So much so that there isn’t a specific color that is accepted by the American Poultry Association. This is also because of the fact that they are not classified as purebred chickens.

With that being said, you can find white, black, brown, a mixture of the three or even some completely random concoction!

Like we said earlier, if you get a flock of them, you’d never know they came through the door together!

Chapter 2: History of Easter Egger Chickens

The Easter Egger chickens originally came about when breeders started breeding Araucanas and Ameraucanas with other breeds.

This is why it’s so hard to nail down a true color, shape and size for the chicken as it could have any number of genes and traits.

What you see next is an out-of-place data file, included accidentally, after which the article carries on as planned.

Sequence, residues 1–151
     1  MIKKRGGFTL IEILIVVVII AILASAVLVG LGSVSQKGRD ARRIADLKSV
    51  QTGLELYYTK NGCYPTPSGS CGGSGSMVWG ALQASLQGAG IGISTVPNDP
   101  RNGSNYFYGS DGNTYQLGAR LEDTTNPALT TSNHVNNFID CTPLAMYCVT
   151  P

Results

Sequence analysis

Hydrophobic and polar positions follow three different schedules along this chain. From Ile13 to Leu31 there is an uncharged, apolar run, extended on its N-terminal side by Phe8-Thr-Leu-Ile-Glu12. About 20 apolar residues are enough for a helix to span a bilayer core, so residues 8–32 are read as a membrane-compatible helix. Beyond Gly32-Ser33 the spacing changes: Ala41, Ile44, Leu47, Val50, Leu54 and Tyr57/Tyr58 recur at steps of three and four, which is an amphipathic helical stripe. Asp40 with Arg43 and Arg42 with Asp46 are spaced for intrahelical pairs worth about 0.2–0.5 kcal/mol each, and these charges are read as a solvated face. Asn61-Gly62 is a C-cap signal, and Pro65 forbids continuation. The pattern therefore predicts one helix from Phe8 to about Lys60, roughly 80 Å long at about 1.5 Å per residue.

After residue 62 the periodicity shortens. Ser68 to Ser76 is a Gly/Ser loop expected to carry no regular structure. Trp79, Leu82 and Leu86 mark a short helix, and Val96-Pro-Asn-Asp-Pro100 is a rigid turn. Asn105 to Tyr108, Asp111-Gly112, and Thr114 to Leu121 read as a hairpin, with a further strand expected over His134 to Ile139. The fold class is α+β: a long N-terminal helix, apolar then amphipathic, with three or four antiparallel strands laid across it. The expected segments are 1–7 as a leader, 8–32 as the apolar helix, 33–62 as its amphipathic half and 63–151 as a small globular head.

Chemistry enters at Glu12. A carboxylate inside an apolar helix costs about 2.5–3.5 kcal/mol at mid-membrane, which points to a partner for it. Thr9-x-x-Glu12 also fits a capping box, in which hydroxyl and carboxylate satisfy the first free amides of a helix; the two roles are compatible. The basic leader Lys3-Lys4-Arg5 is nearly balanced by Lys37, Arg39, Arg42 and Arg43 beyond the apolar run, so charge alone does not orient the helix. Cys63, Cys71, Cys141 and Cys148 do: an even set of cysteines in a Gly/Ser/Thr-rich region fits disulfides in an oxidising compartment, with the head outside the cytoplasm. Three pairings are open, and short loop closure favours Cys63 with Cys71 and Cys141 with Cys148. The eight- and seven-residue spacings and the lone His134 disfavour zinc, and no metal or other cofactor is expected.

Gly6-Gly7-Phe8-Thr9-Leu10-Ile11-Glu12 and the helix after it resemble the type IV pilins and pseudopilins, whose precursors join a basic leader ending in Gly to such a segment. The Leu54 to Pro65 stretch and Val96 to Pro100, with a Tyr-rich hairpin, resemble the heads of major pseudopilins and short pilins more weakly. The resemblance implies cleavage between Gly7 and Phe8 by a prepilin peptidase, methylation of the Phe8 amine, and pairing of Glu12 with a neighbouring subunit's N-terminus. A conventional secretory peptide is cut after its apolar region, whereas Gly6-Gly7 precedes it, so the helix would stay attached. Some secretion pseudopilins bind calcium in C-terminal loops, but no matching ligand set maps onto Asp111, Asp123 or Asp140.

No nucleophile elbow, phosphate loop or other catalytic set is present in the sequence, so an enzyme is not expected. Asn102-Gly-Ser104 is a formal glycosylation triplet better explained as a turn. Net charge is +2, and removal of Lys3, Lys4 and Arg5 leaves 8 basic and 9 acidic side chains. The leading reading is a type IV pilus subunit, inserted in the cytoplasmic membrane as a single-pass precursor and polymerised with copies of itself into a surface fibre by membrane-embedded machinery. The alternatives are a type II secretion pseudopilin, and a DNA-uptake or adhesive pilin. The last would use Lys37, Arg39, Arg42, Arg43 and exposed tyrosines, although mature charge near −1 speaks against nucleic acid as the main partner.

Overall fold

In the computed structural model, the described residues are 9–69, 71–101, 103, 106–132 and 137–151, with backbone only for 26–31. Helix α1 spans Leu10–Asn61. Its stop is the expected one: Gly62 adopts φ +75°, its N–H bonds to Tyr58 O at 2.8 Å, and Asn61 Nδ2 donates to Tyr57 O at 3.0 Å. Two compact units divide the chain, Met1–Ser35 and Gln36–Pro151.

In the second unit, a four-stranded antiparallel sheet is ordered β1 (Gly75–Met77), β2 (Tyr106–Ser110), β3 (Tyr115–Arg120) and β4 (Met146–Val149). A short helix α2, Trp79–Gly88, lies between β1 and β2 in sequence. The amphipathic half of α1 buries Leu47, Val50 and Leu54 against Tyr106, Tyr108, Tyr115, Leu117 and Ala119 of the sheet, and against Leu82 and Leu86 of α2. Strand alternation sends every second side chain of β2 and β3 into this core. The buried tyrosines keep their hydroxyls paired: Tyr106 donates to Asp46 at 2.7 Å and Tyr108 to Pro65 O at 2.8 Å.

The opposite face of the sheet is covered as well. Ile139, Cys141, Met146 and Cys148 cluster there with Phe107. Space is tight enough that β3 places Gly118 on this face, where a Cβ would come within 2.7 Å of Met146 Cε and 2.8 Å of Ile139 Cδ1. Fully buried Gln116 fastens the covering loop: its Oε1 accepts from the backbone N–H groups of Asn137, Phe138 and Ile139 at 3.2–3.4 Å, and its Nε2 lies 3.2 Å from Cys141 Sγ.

Easter Egger Chickens Journey

Easter Eggers come from a long line of “foundation stock” that derived in Chile and the Falklands and were introduced to the United States and around the world.

A foundation stock is the first line of a new breed of animal, and in this case, the Araucana, the Ameraucana AND the Easter Egger all came from this foundation stock.

Both “parents” of the Easter Egger chicken were found or bred for the “blue egg” gene, so when you find an Easter Egger that has a more green/olive colored egg, that means these Araucana and Ameraucana chickens bred with a different chicken who had the “brown egg” gene.

Since there is no “breed standard” for the Easter Egger, it’s hard to truly pinpoint the timeline of their popularity, but it is widely accepted that they arrived in the United States in the 1970’s.

Since then, they have become a welcome member of any backyard flock due to their polite disposition and wonderful eggs.

easter egger chicken history

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Chapter 3: Easter Egger Chickens for Sale

Easter Egger Chicken Hatcheries